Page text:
By Susanne Seitinger
It’s a truism at this point, but the pandemic has changed how I perceive time. In some ways, the last two years have felt like Groundhog Day—most days are the same, and there are fewer activities like family gatherings and trips to break up the year. In other ways, the daunting challenges of working remotely made simple tasks harder. These latter experiences, though, have taught me a great deal about resilience and just how much teams can achieve. To paraphrase Amanda Gorman’s recent essay in The New York Times about her experience as the inaugural poet: If you feel tired, it’s because you have exerted more effort. However, your weariness shows that you did not simply tread water—you progressed on your journey.
As a Society, we have made significant progress on our journey. Last June we kicked off the process to find a new executive director and, as you know, Colleen Harper started at the IES on March 14. The deliberate process that we followed as a committee—in partnership with search firm, Koya Partners, and the input from staff and volunteers—has yielded an incredible outcome. After casting a wide net for roughly 12 weeks and reviewing hundreds of candidates, Koya Partners put forth a slate of candidates that represented the Society’s values and priorities. Multiple rounds of interviews led to in-person meetings until the committee came to its final decision. We are so lucky to have Colleen, a thinker and a doer who will build upon all the great work that has been done so far. I can’t wait to see her excel. And I know she will be open to and interested in listening to all of our members.
There are many exciting opportunities on the horizon: nurturing our global partnerships, building up our digital Lighting Library®, making LightFair a huge success, growing our educational platforms, making our DEIR efforts come to life and so much more. Among all these, I want to make sure we also focus on our role in renewing America’s infrastructure.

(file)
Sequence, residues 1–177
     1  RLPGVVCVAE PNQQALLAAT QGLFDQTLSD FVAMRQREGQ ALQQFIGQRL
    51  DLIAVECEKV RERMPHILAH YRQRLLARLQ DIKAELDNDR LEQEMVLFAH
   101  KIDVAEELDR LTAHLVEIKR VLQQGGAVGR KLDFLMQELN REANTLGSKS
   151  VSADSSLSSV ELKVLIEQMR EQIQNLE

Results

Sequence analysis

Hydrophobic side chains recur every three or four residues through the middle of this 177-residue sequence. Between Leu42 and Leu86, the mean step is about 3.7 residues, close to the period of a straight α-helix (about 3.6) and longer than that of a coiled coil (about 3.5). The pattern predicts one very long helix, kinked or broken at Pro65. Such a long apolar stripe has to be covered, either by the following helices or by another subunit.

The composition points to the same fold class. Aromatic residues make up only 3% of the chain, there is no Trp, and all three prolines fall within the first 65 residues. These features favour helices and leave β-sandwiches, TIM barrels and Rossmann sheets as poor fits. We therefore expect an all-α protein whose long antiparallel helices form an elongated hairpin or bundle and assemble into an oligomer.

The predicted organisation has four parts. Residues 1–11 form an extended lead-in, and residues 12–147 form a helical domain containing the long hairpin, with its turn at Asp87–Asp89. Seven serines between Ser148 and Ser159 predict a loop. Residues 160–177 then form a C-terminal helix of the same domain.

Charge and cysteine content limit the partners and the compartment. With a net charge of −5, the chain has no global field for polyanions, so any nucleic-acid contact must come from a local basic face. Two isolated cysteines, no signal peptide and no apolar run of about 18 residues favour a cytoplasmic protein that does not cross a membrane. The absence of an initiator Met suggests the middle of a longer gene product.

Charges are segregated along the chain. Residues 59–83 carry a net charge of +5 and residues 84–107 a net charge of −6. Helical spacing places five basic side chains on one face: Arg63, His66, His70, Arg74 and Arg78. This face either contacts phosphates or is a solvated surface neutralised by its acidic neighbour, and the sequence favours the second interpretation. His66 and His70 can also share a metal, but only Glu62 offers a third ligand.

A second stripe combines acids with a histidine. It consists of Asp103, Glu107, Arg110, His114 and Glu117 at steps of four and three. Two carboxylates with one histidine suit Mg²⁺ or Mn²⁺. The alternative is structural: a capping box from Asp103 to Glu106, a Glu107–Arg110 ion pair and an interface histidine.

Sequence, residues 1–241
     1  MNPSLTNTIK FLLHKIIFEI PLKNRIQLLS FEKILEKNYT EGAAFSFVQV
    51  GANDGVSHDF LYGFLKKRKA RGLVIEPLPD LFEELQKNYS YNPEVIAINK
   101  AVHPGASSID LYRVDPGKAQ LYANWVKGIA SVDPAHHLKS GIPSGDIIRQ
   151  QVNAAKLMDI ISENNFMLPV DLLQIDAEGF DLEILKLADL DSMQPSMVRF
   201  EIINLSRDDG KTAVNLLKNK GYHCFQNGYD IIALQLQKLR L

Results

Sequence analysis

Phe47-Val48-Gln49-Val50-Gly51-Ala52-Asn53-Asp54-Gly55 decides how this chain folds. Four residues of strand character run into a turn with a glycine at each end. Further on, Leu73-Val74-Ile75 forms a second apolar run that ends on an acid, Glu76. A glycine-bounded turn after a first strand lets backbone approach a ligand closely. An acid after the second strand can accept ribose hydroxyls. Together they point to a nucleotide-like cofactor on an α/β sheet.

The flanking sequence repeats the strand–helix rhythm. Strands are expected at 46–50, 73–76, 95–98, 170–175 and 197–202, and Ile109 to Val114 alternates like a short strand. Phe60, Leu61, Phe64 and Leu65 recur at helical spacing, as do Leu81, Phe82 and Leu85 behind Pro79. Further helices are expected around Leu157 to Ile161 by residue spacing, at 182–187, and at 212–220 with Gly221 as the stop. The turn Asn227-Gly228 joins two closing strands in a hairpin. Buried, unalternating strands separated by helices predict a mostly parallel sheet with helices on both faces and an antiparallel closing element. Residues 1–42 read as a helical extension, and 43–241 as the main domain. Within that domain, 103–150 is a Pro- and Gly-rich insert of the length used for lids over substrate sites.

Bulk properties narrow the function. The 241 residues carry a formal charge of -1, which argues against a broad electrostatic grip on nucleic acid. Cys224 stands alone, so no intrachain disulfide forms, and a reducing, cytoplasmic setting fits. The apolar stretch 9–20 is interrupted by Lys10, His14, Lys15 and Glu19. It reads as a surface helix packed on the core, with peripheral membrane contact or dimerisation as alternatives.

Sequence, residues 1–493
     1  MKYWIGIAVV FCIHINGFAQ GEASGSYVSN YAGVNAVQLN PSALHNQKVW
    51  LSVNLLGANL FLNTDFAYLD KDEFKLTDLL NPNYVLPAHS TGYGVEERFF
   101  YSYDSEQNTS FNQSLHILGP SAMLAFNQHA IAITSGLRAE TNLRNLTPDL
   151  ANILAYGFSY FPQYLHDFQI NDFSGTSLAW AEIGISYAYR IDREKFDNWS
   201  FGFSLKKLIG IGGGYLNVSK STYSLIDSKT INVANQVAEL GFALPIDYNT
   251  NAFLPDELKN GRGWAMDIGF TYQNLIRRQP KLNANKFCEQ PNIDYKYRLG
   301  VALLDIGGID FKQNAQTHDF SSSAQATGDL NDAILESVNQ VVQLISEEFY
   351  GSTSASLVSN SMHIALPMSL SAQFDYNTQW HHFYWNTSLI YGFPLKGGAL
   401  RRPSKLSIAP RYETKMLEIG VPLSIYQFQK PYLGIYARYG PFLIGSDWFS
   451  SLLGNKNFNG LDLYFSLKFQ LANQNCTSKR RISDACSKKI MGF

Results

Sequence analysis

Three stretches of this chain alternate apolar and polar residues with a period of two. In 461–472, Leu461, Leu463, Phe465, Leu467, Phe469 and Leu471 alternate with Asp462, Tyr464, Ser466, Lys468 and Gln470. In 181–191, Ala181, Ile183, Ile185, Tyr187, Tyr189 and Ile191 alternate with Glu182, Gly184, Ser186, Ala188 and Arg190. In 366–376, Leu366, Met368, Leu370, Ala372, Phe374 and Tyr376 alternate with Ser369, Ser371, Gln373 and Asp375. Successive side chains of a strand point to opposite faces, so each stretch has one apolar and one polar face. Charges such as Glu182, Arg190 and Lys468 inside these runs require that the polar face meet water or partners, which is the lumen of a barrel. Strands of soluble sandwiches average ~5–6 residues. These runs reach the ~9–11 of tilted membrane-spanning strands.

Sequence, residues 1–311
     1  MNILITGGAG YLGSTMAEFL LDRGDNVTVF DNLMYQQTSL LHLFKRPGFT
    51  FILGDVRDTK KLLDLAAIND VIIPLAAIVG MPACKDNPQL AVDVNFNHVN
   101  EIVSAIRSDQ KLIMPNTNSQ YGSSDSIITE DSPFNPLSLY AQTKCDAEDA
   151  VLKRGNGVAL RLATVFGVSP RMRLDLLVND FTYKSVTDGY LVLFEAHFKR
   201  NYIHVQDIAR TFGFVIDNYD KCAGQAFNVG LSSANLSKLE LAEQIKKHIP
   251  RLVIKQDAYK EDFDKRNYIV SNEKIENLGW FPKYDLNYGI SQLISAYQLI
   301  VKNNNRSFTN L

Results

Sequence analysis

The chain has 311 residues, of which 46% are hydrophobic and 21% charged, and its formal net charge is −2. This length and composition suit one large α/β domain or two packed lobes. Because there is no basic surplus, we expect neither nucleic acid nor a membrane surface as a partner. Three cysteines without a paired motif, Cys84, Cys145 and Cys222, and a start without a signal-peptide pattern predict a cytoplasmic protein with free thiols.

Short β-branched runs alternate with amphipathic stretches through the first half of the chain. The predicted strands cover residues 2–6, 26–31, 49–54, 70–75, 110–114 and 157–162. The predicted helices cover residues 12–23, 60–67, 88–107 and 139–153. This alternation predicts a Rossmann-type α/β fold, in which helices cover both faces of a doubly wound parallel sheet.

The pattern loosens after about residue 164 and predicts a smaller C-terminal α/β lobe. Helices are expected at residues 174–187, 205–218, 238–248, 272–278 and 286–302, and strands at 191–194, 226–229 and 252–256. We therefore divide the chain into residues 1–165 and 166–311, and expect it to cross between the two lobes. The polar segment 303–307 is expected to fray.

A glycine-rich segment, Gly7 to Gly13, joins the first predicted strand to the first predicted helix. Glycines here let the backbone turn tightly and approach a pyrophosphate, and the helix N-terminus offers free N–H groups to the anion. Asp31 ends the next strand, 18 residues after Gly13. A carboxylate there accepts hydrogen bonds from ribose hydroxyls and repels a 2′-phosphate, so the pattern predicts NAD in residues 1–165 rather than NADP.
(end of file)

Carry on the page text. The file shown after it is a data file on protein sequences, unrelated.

The $1.2 trillion Infrastructure Investment and Jobs Act is a game-changer. The pandemic and this bill have led to unprecedented investment in new technology and infrastructure across the country at both state and local levels. As lighting professionals, we must seize this opportunity to demonstrate the importance of quality lighting. For example, in the outdoor application domains, road safety and the protection of natural landscapes are crucial. In the indoor application domains, schools and hospitals stand to benefit from more investment.
We can also leverage this heightened attention on infrastructure to promote how the IES focuses on helping society. In 2020, the IES and the IDA released its simple set of Five Principles of Responsible Outdoor Lighting to capture what matters most for outdoor lighting in the U.S. and beyond. I hope we find similar opportunities to provide starting points for other industry professionals when it comes to quality lighting.
I’m truly grateful for the opportunity to have served as IES president (2021-2022). I am definitely tired, but I know that together, we accomplished a great deal in the last year. I want to thank the IES staff, my fellow Board members and Interim Executive Director Dan Salinas for their incredible partnership. I have learned so much from all of you.